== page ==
General English


  • noun a purple fruit of the eggplant (Solanum melongena), used as a vegetable. A native of tropical Asia, it is sometimes called by its Indian name ‘brinjal’.


  • feminine The purple fruit of an East Indian annual plant, Solanum melongena, of the same family as the tomato and deadly nightshade. Generally violet to deep purple in Europe and North America and up to 30 cm long, but can be white or deep yellow streaked with purple and the size of a hen’s egg. The bitter taste of some varieties is removed by sprinkling with salt and allowing to drain.


  • noun the shiny purple-black fruit of the eggplant Solanum melongena, used as a vegetable.

Origin & History of “aubergine”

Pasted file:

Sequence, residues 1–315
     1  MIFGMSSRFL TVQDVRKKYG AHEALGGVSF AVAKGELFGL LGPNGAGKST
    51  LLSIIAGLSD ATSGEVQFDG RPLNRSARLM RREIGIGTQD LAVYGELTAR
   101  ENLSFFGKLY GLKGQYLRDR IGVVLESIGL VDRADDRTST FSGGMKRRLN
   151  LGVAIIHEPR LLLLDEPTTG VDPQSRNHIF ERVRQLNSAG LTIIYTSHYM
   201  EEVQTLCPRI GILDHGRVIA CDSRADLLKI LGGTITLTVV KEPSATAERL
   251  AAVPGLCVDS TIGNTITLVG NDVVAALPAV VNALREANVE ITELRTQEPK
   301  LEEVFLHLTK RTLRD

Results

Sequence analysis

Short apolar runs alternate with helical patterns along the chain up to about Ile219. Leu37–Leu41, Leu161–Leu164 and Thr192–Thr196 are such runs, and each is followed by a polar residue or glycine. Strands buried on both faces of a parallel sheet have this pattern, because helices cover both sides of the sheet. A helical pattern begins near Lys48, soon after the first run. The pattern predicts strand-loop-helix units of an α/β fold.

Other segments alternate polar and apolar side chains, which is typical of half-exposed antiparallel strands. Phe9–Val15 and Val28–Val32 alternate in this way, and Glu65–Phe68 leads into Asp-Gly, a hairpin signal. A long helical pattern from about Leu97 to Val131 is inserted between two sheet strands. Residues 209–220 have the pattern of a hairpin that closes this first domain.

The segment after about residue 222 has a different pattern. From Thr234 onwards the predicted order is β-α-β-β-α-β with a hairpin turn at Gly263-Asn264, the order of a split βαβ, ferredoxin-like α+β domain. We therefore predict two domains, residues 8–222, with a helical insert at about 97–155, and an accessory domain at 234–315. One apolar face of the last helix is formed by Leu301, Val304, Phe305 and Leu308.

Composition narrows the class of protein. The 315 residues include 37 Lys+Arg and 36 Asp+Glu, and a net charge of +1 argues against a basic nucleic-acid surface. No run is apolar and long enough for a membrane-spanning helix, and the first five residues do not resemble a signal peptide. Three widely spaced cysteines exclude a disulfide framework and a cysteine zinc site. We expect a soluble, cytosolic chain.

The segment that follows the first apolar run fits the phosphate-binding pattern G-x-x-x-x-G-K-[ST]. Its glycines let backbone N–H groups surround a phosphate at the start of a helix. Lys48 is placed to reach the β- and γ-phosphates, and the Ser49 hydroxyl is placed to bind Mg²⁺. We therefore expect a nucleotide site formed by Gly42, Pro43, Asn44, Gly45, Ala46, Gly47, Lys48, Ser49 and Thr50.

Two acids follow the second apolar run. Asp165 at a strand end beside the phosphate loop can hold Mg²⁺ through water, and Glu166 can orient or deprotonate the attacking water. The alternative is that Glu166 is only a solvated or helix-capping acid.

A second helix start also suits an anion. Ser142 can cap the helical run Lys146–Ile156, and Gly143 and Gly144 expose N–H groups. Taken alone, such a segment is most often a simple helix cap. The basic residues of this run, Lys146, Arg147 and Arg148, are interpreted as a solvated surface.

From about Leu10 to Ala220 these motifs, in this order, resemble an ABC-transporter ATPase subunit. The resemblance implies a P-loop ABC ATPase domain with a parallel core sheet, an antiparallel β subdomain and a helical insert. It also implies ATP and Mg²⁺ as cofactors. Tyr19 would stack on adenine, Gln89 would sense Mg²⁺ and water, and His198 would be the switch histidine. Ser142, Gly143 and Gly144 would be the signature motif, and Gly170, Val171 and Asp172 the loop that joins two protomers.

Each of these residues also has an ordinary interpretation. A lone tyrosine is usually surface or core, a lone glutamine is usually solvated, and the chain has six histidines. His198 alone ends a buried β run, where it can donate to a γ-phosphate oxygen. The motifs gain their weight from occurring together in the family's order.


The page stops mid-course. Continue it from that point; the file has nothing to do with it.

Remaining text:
Etymologically, the aubergine is the ‘anti-fart vegetable’. that was the meaning of its ultimate source, Sanskrit vātinganah, so named because it did not produce intestinal gas. This was borrowed into Persian as bādingān, and reached Arabic as (with the definite article al) al-bādindjān. It then made its way with the Moors into the Iberian peninsula: here it produced Portuguese beringela (source of brinjal (18th c.), an Indian and African English term for ‘aubergine’) and, with the definite article retained, Catalan alberginia. French turned this into aubergine and passed it on to English. In British English it has gradually replaced the earlier eggplant, named after the vegetable’s shape, which American English has retained.